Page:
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Is A 24-College List Unreasonable?


Replies to: Is A 24-College List Unreasonable?

  • seniorx2019seniorx2019 Registered User Posts: 10 New Member
    edited March 1
    Also, coming from a senior--you truly can recycle essays. Maybe not the Why X school? essay, but you can write an outline that you use for most schools. The supplement I wrote for my RD school was fantastic and happened to fit most of the prompts for many of my schools. Yes, you do end up writing a lot of supplements, but one of my friends who goes to Yale now and also applied to 20 schools said applying to 20 schools was one of the best investments they made. I understand where people are coming from in advising a short list, but with the increasing competitiveness of college apps, applying to 20 schools (if the apps are good) could increase your chances of getting better aid/a school that you like more. I honestly think people are so judgemental when it comes to lists/CC in general, talk to your college counselor, your parents, seniors at your school, and make the choice for yourself.
  • BKSquaredBKSquared Registered User Posts: 1,111 Senior Member
    Waiting on financial aid/merit scholarship notifications are perfectly reasonable if those schools are truly in play. I was referring to the "0 interest" schools.
  • eb23282eb23282 Registered User Posts: 417 Member
    Unreasonable? No
    Unnecessary? I think so
  • NEPatsGirlNEPatsGirl Registered User Posts: 2,930 Senior Member
    My D applied to 19 schools for 2015 admission. She did ED one school and had she been admitted that would have been the end of it, but she was not. She did have EA offers and an early write but, with the exception of the instate flagship safety, they were outside our budget (set at price of said flagship). Of the 19 schools I think there were two she really didn't want to attend but would have had to consider for financial reasons.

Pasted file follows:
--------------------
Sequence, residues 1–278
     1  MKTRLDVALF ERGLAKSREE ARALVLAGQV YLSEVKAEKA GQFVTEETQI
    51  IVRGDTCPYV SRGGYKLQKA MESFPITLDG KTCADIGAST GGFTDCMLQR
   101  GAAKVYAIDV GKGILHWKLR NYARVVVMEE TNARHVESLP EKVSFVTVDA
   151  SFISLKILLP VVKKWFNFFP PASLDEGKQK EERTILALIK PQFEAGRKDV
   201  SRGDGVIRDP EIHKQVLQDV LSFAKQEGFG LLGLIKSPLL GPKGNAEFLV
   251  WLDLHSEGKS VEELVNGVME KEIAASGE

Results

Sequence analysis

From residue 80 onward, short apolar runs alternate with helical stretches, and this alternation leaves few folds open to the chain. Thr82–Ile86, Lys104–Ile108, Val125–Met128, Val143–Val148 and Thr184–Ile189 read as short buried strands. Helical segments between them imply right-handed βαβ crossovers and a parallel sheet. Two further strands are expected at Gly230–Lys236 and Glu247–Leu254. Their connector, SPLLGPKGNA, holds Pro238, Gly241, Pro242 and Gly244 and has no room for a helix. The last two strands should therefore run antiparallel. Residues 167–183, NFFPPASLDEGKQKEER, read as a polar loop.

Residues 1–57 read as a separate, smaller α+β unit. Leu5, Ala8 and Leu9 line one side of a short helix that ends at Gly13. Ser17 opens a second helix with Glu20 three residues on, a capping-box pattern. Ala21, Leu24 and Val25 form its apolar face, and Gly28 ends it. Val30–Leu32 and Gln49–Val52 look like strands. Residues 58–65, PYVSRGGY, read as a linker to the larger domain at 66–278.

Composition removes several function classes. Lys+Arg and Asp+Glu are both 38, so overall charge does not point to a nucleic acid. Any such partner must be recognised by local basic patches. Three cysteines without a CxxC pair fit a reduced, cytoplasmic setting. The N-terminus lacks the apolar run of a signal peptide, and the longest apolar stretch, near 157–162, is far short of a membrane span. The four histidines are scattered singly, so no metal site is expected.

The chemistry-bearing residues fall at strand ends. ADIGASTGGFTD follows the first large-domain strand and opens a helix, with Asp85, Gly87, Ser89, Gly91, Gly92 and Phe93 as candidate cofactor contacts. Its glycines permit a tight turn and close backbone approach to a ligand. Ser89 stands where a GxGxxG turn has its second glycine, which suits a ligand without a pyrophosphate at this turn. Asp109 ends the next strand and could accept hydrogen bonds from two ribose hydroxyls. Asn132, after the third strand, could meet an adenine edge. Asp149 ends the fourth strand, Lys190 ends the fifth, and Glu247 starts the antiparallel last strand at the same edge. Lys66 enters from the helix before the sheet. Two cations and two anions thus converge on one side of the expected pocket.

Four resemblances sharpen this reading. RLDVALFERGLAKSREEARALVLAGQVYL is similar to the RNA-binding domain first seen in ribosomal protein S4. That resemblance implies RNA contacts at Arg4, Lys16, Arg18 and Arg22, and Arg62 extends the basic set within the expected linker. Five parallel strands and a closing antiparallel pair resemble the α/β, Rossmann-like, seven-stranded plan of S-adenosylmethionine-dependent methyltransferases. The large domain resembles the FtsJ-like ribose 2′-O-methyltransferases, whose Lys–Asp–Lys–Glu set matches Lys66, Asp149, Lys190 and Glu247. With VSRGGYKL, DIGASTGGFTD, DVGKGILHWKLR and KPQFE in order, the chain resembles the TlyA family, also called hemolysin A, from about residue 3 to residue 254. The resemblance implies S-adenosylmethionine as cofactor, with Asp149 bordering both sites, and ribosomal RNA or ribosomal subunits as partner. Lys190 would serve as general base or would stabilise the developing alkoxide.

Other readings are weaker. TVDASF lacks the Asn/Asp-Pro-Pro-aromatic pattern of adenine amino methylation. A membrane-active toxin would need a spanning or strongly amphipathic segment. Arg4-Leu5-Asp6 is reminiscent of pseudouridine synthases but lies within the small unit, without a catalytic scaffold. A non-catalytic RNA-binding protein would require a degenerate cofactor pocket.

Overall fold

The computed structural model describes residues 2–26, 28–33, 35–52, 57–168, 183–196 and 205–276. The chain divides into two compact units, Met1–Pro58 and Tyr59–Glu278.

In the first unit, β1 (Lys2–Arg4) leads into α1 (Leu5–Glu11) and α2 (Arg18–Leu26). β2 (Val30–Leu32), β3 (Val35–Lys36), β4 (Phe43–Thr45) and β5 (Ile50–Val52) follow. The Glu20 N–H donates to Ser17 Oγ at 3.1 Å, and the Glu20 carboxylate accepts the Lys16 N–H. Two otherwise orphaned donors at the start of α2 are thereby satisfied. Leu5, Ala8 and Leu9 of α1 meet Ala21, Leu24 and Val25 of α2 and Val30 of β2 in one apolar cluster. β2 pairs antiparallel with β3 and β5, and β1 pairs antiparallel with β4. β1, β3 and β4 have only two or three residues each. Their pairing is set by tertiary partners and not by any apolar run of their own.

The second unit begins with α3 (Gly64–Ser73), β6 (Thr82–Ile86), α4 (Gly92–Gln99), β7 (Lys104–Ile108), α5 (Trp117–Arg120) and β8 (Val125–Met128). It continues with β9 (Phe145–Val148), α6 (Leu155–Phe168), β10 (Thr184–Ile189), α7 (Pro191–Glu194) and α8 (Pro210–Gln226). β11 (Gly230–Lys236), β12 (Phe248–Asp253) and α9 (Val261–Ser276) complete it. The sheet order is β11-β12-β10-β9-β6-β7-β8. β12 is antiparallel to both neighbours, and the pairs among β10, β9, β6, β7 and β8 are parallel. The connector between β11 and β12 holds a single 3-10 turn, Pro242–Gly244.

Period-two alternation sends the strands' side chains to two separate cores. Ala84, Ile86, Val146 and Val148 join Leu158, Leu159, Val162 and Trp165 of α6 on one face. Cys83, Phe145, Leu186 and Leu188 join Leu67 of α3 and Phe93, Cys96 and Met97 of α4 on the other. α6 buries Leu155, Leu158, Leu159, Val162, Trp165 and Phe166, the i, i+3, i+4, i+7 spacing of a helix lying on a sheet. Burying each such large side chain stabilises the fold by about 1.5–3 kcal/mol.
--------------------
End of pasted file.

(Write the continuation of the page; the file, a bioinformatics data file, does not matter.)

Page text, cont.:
We talked about culling the list and there were at least 5 schools I thought she should take of, either because they were likely not a great "fit" or by all accounts they would not come in under budget. I'll admit that our financial picture was not easy to determine -- her bio Dad/stepmother had substantial income and my husband and I owned a business so our EFC could not be trusted. All schools but the one instate were profile schools.

    In the end, had she taken the schools off the list that I was questioning, she would not be where she is today. This school in particular was one that I was adamant she would never get enough $$ and yet, it came in with the lowest COA by far, no other school came close. So, say what you will, but for us it was well worth the application fees and other expenses. And yes, she wrote several, maybe a dozen? essays and spent every weekend on them but she knew how important this was and she was determined to go to a private LAC if at all possible.
  • sunnyschoolsunnyschool Registered User Posts: 1,209 Senior Member
    edited March 4
    This is when it gets ridiculous....and starts to impact other students at the 23 schools the student cannot attend. I think there should be a limit - maybe 10 or 12 schools?
  • chetahchetah Registered User Posts: 24 Junior Member
    Amazing article!
  • cptofthehousecptofthehouse Registered User Posts: 26,724 Senior Member
    Where is the point that it becomes unreasonable? Why 24? How about 20? Or 23, for that matter. Or 50 Something like that young woman featured in the news? Some schools place limits. How firmly they will stick to those limits if there is pushback from parents, I don’t know.

    My youngest applied to 8 colleges early. He was done in December, he told me once he got his first EA acceptance. If his EDschool accepted him, he was pre-committed. But it did not, he was going to go that EA school. He was fine with his applications.

    He had had a list of RD schools he was going work on, if he did not get into the ED school and it had 24 or so schools on it. Not that he’d apply to all of the schools on that list. The composition of the working list would depend on which schools accepted him in the early cycle. As it turned out, the list ended up empty.

    But early in the app process, he wanted to apply to a half dozen or so highly selective schools just as lottery tickets. Then a group of schools also very selective. Then a group of likely/match schools that he really liked that did not have Early Action or rolling admissions.

    My other son had SAT scores in the lower quartile of the schools he liked. But his grades and course rigor were high. We cut a wide swath getting a list together. He liked the larger state schools that I felt very unlikely to take him because of their formula admissions. But he had about a half dozen on his list along with Fair test schools and Catholic schools and a few long shots. It can add up fast

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